, the grizzled veteran of the online grocery business, finds itself in a tight spot: CEO Bill Malloy quit because of health issues, and investors pulled their planned $120 million investment. With very little cash left, Peapod is now looking for alternative financing or for an outright buyer. Its shares lost more than half of their value Thursday, closing off 4 3/32, or 52%, at 3 23/32.
How did the first mover in a potentially big market end up in this mess?
In part, Peapod was a victim of some truly atrocious luck. But its story also illustrates the perils of being first into the petri dish of a new online market.
Peapod was founded in 1989, when the Internet was just a twinkle in
eyes. It operated on the poetic sounding "pick and pack" model: Peapod workers or supermarket employees actually picked goods right off the grocery store shelves, then packed them and delivered them to customers. The weaknesses of that strategy were clear from the start: There were no operating efficiencies from additional customers because the retailer still gets a chunk of every piece of the action, and there were quality-control issues due to out-of-stock merchandise.
Analysts and investors, however, say that Peapod played it safe, using a model appropriate to its small scale. "Why build a super-large warehouse when there aren't many customers?" asks Andrew Mann, a fund manager with
, which owns Peapod shares. "It would be like building a skyscraper in a small town. They were very careful to match their capital expenditure to where the market is."
Peaks and Valleys
But along came rivals like
, full of all these expensive, ridiculous-sounding ways to deliver food.
it! Spend $1 billion to make huge distribution centers! Heck, give out freezers!
And what's more, the capital markets changed to make all this stuff possible.
Those rivals gained ground on Peapod. "Being the first mover is not important. Being the first good mover is important," says Anthony Noto, analyst with
. (He doesn't cover Peapod, but gives Webvan his highest rating. His firm has a banking relationship with Webvan.) To successfully capitalize on the first-mover advantage, a company has to have something -- technology, an established brand name, strategic alliances or a proprietary system -- to open a gap with the next wave of competitors, he says. "Peapod never created that gap." (
examined the supposed
first-mover advantage in a story last year.)
Seeing the way the tide was turning, Peapod decided to change its model and hopefully get a little cash, too. "The plan was to bring in a high-powered executive and work on a centralized model, then go raise capital," says Barry Stouffer, an analyst with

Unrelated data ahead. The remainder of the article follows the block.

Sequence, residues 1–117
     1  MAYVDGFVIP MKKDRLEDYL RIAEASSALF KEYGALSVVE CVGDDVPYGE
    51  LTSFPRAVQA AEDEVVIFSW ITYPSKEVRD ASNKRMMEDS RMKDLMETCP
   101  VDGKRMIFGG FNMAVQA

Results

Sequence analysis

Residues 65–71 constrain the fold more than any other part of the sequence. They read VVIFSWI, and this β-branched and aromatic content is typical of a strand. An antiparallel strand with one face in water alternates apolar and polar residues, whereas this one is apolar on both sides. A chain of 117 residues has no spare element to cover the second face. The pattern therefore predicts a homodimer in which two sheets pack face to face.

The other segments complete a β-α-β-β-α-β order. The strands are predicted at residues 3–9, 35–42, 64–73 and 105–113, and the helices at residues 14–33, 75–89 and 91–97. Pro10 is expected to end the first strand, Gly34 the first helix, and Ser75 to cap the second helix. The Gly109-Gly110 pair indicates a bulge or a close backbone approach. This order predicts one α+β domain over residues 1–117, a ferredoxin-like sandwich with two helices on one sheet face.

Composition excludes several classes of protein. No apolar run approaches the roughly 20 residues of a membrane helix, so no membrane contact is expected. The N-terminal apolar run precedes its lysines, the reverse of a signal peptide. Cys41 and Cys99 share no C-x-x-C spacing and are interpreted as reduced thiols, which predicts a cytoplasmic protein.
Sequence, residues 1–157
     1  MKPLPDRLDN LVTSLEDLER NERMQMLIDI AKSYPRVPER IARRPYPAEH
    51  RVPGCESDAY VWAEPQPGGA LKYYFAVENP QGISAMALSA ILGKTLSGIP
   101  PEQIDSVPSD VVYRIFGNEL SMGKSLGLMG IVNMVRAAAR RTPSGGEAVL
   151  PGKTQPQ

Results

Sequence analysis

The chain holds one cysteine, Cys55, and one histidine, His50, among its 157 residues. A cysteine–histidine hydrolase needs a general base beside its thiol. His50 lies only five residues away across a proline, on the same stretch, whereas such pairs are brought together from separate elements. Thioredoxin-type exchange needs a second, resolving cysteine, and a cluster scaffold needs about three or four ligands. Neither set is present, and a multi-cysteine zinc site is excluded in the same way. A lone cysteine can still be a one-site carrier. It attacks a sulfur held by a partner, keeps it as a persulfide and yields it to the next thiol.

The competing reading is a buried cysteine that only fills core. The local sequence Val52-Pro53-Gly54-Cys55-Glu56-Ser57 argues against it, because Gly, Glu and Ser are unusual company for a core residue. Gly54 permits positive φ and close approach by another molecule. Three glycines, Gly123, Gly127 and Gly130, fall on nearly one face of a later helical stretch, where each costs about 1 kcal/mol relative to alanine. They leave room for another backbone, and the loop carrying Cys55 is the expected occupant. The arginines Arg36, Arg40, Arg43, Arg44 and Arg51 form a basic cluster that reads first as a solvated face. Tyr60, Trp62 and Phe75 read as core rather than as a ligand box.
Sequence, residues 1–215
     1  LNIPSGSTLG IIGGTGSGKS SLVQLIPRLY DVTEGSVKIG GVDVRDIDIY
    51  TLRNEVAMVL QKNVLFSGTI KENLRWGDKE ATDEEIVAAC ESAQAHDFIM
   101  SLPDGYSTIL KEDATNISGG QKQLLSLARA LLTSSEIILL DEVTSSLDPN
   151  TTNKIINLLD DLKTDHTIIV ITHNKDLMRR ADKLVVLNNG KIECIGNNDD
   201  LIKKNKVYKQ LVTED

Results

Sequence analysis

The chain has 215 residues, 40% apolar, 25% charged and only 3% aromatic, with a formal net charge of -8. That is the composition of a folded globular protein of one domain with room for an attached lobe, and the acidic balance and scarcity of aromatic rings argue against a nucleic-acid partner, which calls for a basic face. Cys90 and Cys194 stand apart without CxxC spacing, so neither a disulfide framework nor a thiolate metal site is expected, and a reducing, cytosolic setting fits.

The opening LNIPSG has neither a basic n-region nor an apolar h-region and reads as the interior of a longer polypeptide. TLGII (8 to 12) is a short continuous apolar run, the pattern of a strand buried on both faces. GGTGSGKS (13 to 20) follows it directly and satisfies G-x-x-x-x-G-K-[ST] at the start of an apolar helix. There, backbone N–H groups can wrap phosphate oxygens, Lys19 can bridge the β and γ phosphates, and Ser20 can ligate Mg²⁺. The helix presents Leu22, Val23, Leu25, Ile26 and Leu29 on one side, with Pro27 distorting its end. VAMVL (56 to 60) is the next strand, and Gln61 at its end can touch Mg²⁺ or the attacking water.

in Nashville, Tenn. (He rates Peapod shares neutral; his firm hasn't done banking for the company.)
They got the executive. In September, Malloy, formerly at
wireless division, joined Peapod as president and CEO.
"Malloy was the spark plug to build the brand and create some more enthusiasm," says George Dahlman, an analyst with
U.S. Bancorp Piper Jaffray
, which hasn't underwritten for Peapod. "He was doing just that." Peapod shifted to a centralized fulfillment model, which would require a higher initial investment but would eventually improve margins.
Things began to look up. In November, Peapod said Drayton McLane Jr., the former vice chairman of
, would make a personal investment in the company and join its board. Peapod also forged a partnership with McLane's distribution-management company,
, to help improve logistics. And in February, the company quelled some cash-crunch fears when it said it would sell $120 million in convertible preferred stock to a group of investors.
Blast, Blast, Blast
The terms weren't all that great -- high yield on the convertible and significant dilution for current shareholders -- but at least the company had some breathing room. And it could expand into new markets.
Then came Thursday's announcement. Now, with just $3 million in cash left, the company is under the gun. That means the terms of further financing are likely to be more onerous than the investment that just fell apart. McLane may be able to pull in some investors, analysts say. If not, it could be lights out.
"It was very unfortunate timing for the company," says Stouffer. "It's like getting a mortgage and showing up at the closing to find that the lender has backed out." Or it could be like picking one business model, only to find that everyone else was headed in the opposite direction.